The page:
Double meaning day!
So I'm looking for places to read on my upcoming tour. So far I'm doing gigs in Santa Cruz and Olympia, Washington. If anybody can think of any good places to book readings in Texas, New Mexico, Arizona, SoCal or Oregon, leave a comment and let me know. I've been doing a lot of online research, trying to find open mics or reading series in Southern California. It's not easy to get up-to-date information. An article talks about the reading series. So you Google it, find a website. Website hasn't been updated since 2007. You find a blog. Blog hasn't been updated since '09. You go to the Facebook. Facebook hasn't been updated in three weeks and there's no contact emails. Argh! Slowly but surely, we're booking shows. I've always wanted to take a real road trip through this area of the country, so the excitement is building.
Speaking of reading, you must get this book:
I found this in a store the other day, quite randomly. It's hard to miss, being six hundred pages long. Now, I'm not a punk. I was into the scene for a while, going to the Mr. Roboto Project, but never felt comfortable, and honestly found most of the bands horrible (unless I was drunk). This book reminded me why the subculture is so fascinating. It is a huge, comprehensive and very opinionated collection of reviews, not only of movies about punk, or movies starring punks, but every movie in which a punk is onscreen. Seriously. If punks show up for five seconds, the movie makes it in there. In doing so, the authors paint a picture about how the mainstream reacted to punk rock after it came out in the 70s. A good deal of these flicks are schlocky '80s B-movies. It seems that directors in the '80s and '90s, in order to establish that a place was seedy or dangerous, would do so by sticking punks in there. It doesn't matter whether it made sense or not for a punk to be slam-dancing to Juliette Lewis in Strange Days. It's all about the power of the image.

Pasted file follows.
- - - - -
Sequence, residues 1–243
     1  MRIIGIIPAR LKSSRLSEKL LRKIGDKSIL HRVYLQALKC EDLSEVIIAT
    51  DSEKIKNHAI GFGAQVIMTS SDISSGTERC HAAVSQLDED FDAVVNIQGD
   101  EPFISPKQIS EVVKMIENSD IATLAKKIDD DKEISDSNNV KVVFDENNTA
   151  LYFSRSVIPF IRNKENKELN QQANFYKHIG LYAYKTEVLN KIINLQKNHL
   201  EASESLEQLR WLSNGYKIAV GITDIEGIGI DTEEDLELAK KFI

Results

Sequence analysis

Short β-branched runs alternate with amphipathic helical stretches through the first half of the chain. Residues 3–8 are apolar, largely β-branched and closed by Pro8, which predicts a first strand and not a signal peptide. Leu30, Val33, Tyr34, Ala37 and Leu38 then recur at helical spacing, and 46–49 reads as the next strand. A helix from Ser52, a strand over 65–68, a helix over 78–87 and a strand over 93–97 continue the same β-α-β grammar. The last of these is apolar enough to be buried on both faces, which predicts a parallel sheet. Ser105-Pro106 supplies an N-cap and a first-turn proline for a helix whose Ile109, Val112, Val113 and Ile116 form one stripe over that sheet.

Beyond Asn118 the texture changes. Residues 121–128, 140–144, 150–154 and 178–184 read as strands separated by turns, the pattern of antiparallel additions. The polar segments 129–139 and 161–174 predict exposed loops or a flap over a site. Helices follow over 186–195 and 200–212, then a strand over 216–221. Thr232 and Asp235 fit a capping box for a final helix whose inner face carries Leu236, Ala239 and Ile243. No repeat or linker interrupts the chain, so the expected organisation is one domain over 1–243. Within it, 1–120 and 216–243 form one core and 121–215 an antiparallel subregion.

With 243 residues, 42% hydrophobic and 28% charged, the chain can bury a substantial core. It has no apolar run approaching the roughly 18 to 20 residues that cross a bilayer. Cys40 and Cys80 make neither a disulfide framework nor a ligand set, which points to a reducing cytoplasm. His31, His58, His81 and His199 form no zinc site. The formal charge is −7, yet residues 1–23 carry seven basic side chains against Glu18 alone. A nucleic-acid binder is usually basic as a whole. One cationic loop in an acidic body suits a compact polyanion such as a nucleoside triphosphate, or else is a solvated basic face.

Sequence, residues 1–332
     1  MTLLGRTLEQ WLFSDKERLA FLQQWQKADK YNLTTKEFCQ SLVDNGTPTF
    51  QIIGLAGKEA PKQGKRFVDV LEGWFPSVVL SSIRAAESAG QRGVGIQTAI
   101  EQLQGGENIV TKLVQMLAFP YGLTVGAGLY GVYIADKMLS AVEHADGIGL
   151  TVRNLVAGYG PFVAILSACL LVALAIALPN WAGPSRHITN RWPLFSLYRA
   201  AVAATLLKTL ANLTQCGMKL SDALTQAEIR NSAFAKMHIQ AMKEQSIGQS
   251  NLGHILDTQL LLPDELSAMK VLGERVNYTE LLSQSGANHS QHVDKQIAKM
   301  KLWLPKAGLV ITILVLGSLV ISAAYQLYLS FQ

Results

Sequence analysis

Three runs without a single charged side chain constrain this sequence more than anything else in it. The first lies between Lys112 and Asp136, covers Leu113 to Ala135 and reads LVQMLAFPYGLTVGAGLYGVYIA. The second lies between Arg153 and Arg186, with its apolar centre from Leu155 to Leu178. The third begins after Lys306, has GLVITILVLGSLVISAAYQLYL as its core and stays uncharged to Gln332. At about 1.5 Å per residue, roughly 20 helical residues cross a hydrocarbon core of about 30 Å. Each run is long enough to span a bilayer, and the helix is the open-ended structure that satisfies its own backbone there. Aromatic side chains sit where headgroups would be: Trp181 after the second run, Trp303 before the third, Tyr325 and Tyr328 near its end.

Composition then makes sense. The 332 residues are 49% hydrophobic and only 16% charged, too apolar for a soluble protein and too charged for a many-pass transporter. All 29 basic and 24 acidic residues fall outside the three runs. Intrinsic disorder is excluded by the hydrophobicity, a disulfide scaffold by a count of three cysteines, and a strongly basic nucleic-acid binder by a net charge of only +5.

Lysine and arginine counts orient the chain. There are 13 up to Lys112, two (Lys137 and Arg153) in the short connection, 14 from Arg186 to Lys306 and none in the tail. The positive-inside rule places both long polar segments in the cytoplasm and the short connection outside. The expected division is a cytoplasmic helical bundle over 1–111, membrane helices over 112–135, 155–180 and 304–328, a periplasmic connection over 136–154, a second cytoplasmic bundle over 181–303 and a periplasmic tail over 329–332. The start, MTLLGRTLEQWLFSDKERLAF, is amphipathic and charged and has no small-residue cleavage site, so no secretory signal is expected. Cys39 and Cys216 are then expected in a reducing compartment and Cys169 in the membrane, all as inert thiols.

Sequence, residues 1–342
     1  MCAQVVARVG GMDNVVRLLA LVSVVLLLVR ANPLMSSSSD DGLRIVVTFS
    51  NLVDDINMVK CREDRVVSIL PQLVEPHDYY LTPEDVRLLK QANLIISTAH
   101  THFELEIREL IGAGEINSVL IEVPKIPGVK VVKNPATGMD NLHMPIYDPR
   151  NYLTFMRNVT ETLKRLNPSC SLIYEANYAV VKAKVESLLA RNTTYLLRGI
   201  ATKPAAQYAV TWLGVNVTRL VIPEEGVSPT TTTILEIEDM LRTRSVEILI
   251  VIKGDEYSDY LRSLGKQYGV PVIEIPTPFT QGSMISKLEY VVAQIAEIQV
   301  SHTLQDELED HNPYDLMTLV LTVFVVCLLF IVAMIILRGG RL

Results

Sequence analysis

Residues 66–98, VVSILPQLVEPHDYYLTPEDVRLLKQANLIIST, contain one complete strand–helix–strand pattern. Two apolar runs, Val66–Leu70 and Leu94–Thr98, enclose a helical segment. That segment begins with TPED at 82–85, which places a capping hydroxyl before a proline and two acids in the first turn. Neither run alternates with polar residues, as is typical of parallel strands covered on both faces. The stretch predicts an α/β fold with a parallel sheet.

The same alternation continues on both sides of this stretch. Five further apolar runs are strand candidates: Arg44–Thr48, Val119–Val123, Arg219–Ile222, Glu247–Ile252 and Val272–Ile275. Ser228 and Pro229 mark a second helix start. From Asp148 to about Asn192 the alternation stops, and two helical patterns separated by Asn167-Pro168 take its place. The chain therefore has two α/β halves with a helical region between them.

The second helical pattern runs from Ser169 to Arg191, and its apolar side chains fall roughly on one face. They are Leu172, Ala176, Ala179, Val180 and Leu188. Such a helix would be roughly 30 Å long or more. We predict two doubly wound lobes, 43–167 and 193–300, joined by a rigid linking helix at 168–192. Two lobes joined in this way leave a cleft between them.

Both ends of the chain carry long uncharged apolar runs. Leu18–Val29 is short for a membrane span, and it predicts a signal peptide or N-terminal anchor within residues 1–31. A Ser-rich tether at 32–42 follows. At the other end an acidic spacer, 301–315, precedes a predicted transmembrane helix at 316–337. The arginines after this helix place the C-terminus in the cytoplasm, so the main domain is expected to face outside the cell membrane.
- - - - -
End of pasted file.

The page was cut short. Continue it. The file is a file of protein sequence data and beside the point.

The book is not just reviews. They interview punk movie luminaries, from Penelope Spheeris, director of the classic Suburbia, to the punk who flipped off Kirk and Spock in Star Trek 4. In doing so, they paint a picture of how film has analyzed, celebrated and exploited the image of the mohawked hooligan since the inception of the punk genre. This is not just a movie book. It is a valuable piece of sociology. Buy it. After you buy my book.